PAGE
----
The state Board of Education Thursday approved four Mississippi groups to share nearly $1 million to expand state-funded prekindergarten classes.
Last fall, then 4-year-old Nora Molina stood atop a slide in West Point and looked down.
One of the more positive influences of social media and the Internet — aside from the ability to more easily share cat videos — is crowdfunding, which allows people from all over the world to contribute money to what they deem to be a worthy cause.
Although the establishment of a full charter school by Peter’s Rock Temple Church of God in Christ is unlikely, the organization may operate a preschool, like many other religious and nonreligious organizations, without local school board approval.
Enrollment in state pre-kindergarten programs inched up slightly last year, but there’s been little change in the overall percentage of children participating in the programs, according to a national study on early education released Monday.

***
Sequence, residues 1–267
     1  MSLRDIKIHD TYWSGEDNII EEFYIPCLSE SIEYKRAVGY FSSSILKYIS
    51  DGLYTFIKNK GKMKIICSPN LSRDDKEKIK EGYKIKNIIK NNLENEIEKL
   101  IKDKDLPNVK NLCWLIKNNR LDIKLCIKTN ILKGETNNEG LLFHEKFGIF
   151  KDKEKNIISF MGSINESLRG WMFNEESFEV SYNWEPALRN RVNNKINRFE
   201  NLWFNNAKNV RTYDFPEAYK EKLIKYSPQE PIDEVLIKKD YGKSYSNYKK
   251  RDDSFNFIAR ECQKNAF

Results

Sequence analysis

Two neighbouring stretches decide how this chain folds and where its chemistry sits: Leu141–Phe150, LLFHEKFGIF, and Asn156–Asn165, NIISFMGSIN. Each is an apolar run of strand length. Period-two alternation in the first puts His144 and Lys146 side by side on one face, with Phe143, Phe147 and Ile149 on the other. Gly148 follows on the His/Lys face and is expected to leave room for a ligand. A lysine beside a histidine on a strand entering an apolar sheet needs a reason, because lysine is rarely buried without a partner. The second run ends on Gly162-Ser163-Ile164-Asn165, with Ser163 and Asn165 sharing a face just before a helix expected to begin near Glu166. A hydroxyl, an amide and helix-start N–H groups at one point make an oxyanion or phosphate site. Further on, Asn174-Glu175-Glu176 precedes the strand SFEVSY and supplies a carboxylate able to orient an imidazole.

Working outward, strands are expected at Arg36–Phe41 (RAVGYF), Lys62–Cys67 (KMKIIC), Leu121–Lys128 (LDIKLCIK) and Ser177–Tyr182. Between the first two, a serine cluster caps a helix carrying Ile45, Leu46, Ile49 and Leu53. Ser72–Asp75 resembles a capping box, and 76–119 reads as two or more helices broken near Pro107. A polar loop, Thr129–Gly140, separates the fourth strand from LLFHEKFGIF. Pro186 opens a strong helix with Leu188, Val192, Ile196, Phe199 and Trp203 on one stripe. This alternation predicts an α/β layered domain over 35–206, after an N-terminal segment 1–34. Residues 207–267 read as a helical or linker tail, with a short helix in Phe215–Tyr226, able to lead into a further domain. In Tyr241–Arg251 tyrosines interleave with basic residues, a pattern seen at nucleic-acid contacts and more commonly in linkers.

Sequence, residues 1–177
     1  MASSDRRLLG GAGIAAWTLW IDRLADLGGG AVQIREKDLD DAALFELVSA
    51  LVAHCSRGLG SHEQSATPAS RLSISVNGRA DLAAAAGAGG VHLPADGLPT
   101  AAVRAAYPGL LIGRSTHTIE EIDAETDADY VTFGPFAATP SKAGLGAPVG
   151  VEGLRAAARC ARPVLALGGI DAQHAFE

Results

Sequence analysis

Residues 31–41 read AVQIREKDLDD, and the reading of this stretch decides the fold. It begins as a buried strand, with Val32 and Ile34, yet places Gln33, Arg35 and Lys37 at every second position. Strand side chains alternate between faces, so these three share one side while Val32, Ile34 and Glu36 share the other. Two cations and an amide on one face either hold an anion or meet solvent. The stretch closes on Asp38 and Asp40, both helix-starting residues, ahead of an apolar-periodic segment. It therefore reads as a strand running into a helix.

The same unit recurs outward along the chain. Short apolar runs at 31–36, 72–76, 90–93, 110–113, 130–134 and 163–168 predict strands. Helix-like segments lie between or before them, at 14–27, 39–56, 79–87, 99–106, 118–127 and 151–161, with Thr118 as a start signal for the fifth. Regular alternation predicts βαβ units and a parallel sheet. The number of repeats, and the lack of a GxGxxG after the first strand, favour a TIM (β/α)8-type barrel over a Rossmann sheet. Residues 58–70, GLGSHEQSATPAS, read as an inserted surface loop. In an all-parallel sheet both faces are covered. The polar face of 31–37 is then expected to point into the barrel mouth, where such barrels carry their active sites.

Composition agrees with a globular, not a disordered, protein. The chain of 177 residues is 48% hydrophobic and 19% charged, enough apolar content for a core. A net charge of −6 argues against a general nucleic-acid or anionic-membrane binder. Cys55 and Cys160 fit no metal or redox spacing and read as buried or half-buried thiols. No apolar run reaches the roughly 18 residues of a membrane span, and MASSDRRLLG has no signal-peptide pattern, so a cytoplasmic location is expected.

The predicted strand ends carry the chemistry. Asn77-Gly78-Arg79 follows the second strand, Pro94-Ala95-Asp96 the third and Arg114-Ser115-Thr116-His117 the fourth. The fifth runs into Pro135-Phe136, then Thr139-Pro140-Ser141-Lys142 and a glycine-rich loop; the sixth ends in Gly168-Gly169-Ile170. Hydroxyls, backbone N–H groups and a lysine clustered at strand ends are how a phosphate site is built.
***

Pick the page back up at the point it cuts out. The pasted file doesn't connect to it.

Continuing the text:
A year after the legislature passed Gov. Bryant’s plan to require all Mississippi third-graders to be held back if they can’t read at grade level, the numbers are depressing.
A report released by a non-profit group this week shows that 70 of Mississippi’s 146 school districts did not offer public pre-K education to students.
The Mississippi Department of Education plans to seek grants from the federal government worth up to $15 million a year for four years to expand an existing pre-kindergarten program.
The availability of state-funded pre-kindergarten programs varies widely from one part of the country to another, says a new report.